Dr. Mariana Dangiolo recently received one of five Learning Institute for Elders (LIFE) Richard Tucker Gerontology Awards for 2014.This year’s $4,000 supports “Bridging the Gap,” in-home geriatric assessments by medical students aimed at improving the health and quality of life for seniors.
Many seniors are reluctant to give up their independence, preferring to stay in their own homes as long as possible. But they run the risk of social isolation and undetected health issues by living alone. Dr. Dangiolo said “Bridging the Gap” will connect medical students with seniors living in the community with the goal of providing a geriatric clinical experience to medical students while extending basic clinical care, patient education and social opportunities to selected seniors.
Dr. Dangiolo is the director of the geriatrics and palliative care curriculum at the College of Medicine, is board-certified in family medicine and geriatric care, and cares for patients at UCF Pegasus Health.
“I feel humbled and honored to receive this prestigious award for the second time. I have deep respect for Dr. Richard Tucker who is an inspiration in the gerontology field,” she said. “No matter which road our medical graduates take, from pediatrics to orthopedics, it is critical they become prepared to recognize the needs of the fastest growing age group in America, and “Bridging the Gap” will provide students with a great opportunity to do so. ”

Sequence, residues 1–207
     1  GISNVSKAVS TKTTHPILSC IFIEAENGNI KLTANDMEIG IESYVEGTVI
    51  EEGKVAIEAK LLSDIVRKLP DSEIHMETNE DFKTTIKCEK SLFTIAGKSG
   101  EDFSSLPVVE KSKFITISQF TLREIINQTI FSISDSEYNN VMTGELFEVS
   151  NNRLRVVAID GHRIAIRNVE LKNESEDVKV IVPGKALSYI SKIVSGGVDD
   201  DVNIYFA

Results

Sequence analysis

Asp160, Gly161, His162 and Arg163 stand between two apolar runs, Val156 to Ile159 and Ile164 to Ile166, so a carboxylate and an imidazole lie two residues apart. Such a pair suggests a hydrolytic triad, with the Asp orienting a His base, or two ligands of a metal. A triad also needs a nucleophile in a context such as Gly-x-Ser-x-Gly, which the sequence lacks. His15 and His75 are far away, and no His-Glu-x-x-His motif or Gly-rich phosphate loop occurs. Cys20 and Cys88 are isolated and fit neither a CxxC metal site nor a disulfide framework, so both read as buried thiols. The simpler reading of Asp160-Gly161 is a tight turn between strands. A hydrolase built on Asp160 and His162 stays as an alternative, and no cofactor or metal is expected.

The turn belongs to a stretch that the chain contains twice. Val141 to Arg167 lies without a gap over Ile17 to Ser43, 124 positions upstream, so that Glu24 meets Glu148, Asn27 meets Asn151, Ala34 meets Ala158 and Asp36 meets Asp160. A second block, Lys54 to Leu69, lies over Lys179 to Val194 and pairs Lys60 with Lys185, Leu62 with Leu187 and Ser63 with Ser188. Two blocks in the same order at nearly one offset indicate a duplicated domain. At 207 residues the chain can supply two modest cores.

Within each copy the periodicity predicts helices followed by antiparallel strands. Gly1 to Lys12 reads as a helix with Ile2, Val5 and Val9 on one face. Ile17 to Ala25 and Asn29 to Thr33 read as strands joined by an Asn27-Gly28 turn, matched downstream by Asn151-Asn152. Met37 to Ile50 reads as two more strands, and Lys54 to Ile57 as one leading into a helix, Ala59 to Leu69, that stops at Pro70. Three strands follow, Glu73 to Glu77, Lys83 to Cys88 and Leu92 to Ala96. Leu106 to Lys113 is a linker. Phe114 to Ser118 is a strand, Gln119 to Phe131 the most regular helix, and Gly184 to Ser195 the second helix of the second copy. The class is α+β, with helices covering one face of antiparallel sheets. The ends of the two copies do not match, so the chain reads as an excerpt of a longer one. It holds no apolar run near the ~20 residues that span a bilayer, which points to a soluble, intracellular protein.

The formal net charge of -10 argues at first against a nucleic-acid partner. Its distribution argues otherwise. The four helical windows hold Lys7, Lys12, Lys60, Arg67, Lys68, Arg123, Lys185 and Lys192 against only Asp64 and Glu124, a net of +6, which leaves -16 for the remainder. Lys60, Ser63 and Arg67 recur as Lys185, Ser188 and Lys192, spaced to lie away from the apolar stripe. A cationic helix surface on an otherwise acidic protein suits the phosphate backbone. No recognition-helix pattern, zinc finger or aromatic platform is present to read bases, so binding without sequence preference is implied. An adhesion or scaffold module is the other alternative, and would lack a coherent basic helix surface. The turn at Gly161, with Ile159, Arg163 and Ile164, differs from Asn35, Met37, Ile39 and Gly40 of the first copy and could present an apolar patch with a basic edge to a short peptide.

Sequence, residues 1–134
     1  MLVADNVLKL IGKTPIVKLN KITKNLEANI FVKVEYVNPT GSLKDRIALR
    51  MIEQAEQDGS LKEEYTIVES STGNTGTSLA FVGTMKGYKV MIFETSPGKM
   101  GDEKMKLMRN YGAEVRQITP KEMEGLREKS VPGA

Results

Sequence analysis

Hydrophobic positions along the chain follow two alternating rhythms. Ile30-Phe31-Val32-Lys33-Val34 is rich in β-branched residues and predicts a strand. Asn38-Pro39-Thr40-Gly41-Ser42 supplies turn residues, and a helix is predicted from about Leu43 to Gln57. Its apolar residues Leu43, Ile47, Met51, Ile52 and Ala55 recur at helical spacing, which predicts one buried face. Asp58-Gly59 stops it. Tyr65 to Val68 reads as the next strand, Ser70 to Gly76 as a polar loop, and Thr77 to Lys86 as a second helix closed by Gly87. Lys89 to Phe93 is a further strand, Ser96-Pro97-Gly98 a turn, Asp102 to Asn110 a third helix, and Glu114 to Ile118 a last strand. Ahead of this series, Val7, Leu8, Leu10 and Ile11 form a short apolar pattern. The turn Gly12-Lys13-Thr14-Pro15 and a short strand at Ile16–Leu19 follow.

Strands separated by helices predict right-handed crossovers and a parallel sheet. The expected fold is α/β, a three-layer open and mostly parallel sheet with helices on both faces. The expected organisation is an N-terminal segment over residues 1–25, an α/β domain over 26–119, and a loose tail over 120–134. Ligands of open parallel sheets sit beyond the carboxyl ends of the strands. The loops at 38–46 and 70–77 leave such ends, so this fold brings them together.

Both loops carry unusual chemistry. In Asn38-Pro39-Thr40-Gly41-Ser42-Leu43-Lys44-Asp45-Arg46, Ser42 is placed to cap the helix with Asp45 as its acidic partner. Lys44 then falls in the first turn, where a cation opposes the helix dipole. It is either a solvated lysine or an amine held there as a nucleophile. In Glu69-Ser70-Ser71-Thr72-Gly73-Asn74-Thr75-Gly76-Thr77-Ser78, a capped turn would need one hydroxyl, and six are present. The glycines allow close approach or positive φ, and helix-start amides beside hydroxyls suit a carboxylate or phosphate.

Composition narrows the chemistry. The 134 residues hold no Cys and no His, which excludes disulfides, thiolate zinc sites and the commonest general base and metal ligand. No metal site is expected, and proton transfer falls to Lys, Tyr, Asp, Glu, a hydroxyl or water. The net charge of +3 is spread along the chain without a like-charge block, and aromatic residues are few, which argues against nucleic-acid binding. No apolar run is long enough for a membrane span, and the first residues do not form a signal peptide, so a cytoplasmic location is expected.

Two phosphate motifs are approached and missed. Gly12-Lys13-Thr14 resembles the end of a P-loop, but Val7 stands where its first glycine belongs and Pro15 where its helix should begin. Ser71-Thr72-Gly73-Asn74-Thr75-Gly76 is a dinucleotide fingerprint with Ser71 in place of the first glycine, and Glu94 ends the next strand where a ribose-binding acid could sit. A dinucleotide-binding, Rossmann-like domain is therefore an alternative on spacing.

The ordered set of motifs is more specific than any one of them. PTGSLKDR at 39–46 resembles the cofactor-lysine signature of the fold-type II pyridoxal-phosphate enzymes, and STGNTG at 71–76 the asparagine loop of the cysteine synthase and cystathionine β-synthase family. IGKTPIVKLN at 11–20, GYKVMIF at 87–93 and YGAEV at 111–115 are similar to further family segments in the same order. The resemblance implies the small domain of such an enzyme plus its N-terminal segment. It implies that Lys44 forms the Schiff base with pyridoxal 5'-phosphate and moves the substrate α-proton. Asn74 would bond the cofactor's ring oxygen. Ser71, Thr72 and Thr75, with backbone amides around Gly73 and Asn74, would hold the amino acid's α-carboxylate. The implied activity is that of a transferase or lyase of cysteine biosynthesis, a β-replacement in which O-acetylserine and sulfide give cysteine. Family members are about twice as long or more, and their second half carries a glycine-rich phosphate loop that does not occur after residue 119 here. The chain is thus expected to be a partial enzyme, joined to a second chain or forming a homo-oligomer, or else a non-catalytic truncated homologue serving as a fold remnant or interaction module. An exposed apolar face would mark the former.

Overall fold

LIFE is a UCF organization that provides community educational programs for lifelong learning opportunities for people of retirement age. To date, LIFE has contributed over $500,000 to UCF departments through its grant programs. In 2012, Dr. Dangiolo received an award to support the integration of geriatric content into the medical school’s Anatomy Lab. “We are pleased to support the College of Medicine’s integration of geriatric education into the medical training experience,” said Dr. Tucker, one of the founding members of LIFE and for which the award is named.
Dr. Dangiolo’s team includes Andrea Berry, director of faculty development, Laurel Gorman, Ph.D., assistant professor of pharmacology, and Xin Yan, Ph.D., professor in statistics. They will oversee medical students who will conduct home visits to collect information on the health of selected seniors so that primary care physicians can be notified of health conditions and medication adjustments.